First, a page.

Tuesday, February 22, 2011

Nourishing Traditions

At Momzoo's suggestion, I picked up a copy of the book Nourishing Traditions by Sally Fallon.

 I had read two of Michael Pollan's books (The Omnivore's Dilemma and In Defense of Food) and thoroughly enjoyed them.

When I first started reading, some of the assertions seemed a bit "out there" for me.  Everyone knows that saturated fat is bad for you, right?  And of course eggs have a lot of cholesterol and aren't great for you, why would I think otherwise?

But as I read on I found my notions of the past slipping away as Fallon started to make more and more sense.  Even though I'm on WW (again for the umpteenth time), I've started to incorporate key points from the book into my diet.  Wouldn't you know it, I've actually started to lose weight.  I've been eating butter, drinking whole, non-homogenized milk, and having whole yogurt as a treat.  The last one's quite a big deal because I hate yogurt.  But once I discovered Greek yogurt and raw honey, I was hooked.

In my state, it's illegal to buy raw milk.  I still haven't decided what I'm going to do about that.  It is technically legal to be part of a CSA, buy a portion of a cow, then get milk that is technically yours.  Either way, I've been making sure that our milk comes from pastured cows, and that it's not ultrapasteurized.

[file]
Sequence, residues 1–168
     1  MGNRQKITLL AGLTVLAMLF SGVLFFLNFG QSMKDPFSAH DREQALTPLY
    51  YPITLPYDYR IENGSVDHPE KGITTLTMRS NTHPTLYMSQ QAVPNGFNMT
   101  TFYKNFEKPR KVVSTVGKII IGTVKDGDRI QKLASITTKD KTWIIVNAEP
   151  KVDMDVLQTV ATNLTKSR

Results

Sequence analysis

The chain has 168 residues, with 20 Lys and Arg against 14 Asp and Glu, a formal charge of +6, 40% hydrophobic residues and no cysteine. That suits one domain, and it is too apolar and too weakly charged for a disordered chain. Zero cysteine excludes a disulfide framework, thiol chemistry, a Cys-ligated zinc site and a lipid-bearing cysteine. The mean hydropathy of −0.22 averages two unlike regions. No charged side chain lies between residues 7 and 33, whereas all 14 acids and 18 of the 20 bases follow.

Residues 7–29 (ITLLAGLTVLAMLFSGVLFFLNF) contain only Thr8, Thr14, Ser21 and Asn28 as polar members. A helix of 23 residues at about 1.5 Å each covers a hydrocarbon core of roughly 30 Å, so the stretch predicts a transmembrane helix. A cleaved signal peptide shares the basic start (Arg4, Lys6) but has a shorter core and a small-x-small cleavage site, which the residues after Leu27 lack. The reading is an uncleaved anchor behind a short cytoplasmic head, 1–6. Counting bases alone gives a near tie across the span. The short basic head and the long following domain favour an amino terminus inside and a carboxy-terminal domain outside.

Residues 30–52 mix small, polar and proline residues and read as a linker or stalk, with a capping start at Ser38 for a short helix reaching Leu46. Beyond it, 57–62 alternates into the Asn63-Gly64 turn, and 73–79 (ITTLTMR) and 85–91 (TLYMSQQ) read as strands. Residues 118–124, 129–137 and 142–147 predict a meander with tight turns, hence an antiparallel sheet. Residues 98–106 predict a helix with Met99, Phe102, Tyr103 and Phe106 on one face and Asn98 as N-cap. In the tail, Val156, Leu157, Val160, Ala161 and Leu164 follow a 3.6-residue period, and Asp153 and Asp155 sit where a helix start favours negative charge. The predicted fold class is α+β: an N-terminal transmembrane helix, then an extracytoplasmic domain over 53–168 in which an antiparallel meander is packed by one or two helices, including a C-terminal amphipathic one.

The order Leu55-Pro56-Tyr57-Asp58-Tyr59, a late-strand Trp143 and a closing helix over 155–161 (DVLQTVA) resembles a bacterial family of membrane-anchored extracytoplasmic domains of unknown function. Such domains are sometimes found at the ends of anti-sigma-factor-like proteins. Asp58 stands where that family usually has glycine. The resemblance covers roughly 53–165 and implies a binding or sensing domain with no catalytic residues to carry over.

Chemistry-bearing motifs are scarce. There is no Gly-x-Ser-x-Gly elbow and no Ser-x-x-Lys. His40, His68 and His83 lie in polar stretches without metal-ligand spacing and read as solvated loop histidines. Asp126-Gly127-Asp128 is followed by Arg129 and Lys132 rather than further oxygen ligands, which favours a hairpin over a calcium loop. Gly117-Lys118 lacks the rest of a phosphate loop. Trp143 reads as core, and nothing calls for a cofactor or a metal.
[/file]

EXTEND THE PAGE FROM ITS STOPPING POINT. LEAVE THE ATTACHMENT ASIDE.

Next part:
In March, *B* and I will be getting half of a cow.  I forget that living in a semi-rural county, there are still people who raise their own cows and sell them by themselves.  I was talking to my mom about sustainable food and meat in particular.  There is a place down the road that prides itself on grass fed meat.  For a cow, it was $3.50 a pound, and that was pre-slaughter weight.  My mom mentioned it to people she works with, and a woman said she raises cows at her house and sells them for $1.80 a pound.  This cow is most likely no different than the other - no hormones or antibiotics, grass-fed, in a relatively small herd.  So my mom will get half and we will get the other half.  The cow will be butchered less than a mile from our house by the family of someone who I grew up with.  How much more sustainable can we get?

We're looking forward to putting our garden in this year.  We were very optimistic as we've had 60 degree weather last week.  I woke up today with a two hour school delay - it snowed over an inch last night.  So it looks like the garden is put off for just a little while longer.  If I'm lucky, and I can keep the cats out, I can start some of the earliest seeds inside here shortly.

Wednesday, February 16, 2011

The Effects of Hormones

I've been on hiatus for quite a while now.  Before *B* and I got married, I decided I'd stop taking hormonal contraceptives because I really hated how they made me feel, and I was certain they contributed to my anxiety.  What I was not aware of was that discontinuing the use of the Pill can contribute significantly to depression.

For the last month and a half or so, I've not been myself.  While I haven't really cried all that much, I had serious doubts about myself and my abilities to lead a productive life, very dark thoughts about life in general, and concerns even for my marriage.  I felt like no one liked me.  I couldn't do anything right.  I was wasting my life.  I was old.  I would never make anything out of my life.  I'd never make enough money be able to go anywhere -- ever.  I couldn't feel affection, and I was snapping at people all over the place.  I ended up doing a lot of research on the Pill and found out a lot of withdrawal symptoms and symptoms of simply being on it that really scared me.